Sunday, April 13, 2014

Assemblage


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Endnote: Last weekend, I saw "Beyond Love", a fantastic exhibition curated by the Whitney of Robert Indiana's work at the McNay Art Museum in San Antonio, TX.  It peaked my curiosity enough to do a little research on my own ,and I came across the photo of him with his work in his home in Maine.















Love the mix of old and beyond new. It makes me think about how the things we are surrounded by--  the houses we live in and the furniture we sit in--  may reflect a very different sensibility from that of our internal world.

Tuesday, February 4, 2014

Experiments

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This week I expanded on the idea of drawing and sewing  by experimenting with drawing in marker on cotton canvas and mixing it up with cut-outs, drawing and embroidery.   I like the contrast of the whiteness and flatness of the drawing against the chaos of colors, textures, and patterns.  The bird reads clearly as a simple image in the middle of  a bunch of complicated stuff (wording maybe not so eloquent but gets the point across.)  

I'm interested in how we take in and experience what we see--  in this case there's the cognition/identification of the "thing"-- the bird, as well as the sensations evoked by colors, patterns, textures, movement.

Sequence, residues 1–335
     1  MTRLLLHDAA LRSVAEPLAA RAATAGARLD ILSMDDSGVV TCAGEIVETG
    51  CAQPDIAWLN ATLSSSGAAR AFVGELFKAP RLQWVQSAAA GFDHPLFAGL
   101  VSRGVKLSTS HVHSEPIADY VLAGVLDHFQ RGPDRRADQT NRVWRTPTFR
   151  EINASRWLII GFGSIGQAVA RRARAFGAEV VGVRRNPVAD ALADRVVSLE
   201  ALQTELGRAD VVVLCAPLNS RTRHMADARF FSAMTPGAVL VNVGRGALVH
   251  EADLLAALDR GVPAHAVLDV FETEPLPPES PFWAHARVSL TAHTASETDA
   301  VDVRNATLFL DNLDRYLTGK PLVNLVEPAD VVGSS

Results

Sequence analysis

Here's an earlier version before I added the sheer printed fabric on the back. The green slash on the left, which I like, got covered up, so I'm thinking of slicing through the overlay fabric to expose it-- one of those things you don't see until you look at successive photos.
...and another version showing the brain opened up, so to speak.  Ultimately I decided to make it uniform-- smoothed out Italian linen not a bad metaphor for a mind state.

























Last week I drew this bird on canvas, and put a tiger in it's square-- peaceable kingdom? Interesting how narratives can evolve depending on what fabrics are on hand.  The color swatch triangles printed on the selvage reminded me of writing or language, so I used them as the title.





 Here's an experiment with different inks,  pens,  and a soak-stain of acrylic wash on old cotton curtain lining fabric. I really love the way it bled into the fibers.
























































The lining of my lamp shade deteriorating  after what, 70, 80 years? isn't exactly an experiment,  but it's certainly created a new lighting effect.  .























                     Here I drew one of the birds with a marker instead of the pen I usually use. The heavier line gave it a comic-book character quality, like a super-hero, so I added an energy field and named it "aura bird".


--- more birds in squares drawn on old cotton sheets:













On a shopping note, I scored this large scale, digital-print silk remnant at the Austin Fabric Co-op , which will make a great scarf.  I love scarves and am happy to now have one with the words "Hot Pizza" and "Italian Sausage" written on it.


I was playing around with it,  tying it in different ways--  bet I'll never get it tied exactly this same way again with the beautiful bit of blue-green turned out at the knot-- such is the nature of experiments.